This quote jelled with some things I’ve been thinking about for a while. One is a thought that goes back years, to a day when I heard a commentator on Radio Sport talk about a rugby game in terms of spectacle. He didn’t mean this in a ‘what a total freaking disaster’ kind of way. He meant it as an event designed for the viewers, built around a physical contest between two opposing sides. It made me realise that ‘spectacle’ does not have to be a dirty word. It can mean an event or experience that is carefully crafted to evoke a reaction. That reaction does not have to be dictated, but the expectation is that the viewer or participant will be aware that they are in a moment. 'Spectacle' in this sense means memorable, meaningful, moving.

The second is a feeling - a questioning - that I have. I wonder if we have become a little timid. Our visitors are hungry for experience. I want to explore what it might mean to have more emotion in our museums. To have more personality. To have more connection - between our visitors, our staff, our artists.

This desire is the kind of thing that makes me daydream. I want to end this morning on two of my daydreams.

The first is my Museum of Emotions.

My Museum of Emotions started with an uneducated observation, based on a bunch of books I had been reading. It was about how men used to (say, up until the early 20th century) have intimate friendships with each other - close, even impassioned, correspondences and conversations - that operated outside the domestic and sexual zone of wives and mistresses. And that today, this intimacy seems lacking in the lives of many of the men I know.

I had been thinking about how our language has become impoverished. How we have fewer words for love, for friendship, for our feelings. How words have become watered down over time - words like melancholy or chivalry once had entire schools of thought built around them, rather than meaning ‘a bit depressed’ or ‘holds doors open for women’. And when our language is impoverished, our ability to describe or share or face our feelings is likewise diminished.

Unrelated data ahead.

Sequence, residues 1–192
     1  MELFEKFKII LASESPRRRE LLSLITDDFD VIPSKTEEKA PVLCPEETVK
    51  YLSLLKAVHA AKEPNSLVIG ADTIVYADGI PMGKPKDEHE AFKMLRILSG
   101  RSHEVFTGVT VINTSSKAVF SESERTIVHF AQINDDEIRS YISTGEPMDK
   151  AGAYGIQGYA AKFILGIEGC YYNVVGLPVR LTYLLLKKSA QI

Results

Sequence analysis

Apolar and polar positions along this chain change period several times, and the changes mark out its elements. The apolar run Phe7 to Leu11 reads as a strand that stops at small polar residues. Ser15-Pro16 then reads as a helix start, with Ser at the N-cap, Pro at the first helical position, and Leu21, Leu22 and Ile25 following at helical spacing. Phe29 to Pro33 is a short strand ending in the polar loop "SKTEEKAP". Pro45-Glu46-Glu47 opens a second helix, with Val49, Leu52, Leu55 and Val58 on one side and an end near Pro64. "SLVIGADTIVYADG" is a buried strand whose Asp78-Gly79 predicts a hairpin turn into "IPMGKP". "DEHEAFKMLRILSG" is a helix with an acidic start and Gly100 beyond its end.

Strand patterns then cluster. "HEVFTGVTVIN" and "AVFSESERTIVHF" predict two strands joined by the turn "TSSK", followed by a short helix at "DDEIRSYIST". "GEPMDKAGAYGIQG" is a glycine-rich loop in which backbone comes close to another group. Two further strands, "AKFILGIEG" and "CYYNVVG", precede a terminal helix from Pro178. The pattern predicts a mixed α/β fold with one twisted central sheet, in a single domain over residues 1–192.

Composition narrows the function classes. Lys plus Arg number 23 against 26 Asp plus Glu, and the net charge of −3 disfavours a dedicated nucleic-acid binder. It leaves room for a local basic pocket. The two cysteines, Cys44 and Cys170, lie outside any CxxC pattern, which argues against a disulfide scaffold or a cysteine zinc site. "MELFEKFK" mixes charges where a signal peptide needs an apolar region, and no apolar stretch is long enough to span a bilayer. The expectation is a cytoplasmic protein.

The Museum of Emotions is not about collections, civic pride, or community involvement. It is a place you can go to to experience emotions that have fallen into disuse, emotions that are foreign to your workaday life, or emotions that have not been part of your life yet.

It’s not a place to learn about emotions. It’s a place to feel them. I had a conversation with Michael Edson about this idea. He talked about a museum where you programmed exhibitions and performances explicitly designed to elicit emotional responses. I talked about a room that you went into where someone would radiate an emotion towards you, like perfume rising off warm skin.

So whether this is through art in its various forms, or through some kind of speculative Matrixy-Minority-Reporty magic, I don’t know. This idea is probably not realistic. But as a metaphor for dreaming about the kind of experiences I want to create for people through my life and my work, it's invaluable.

My second daydream brings us a little closer to the normal themes of NDF.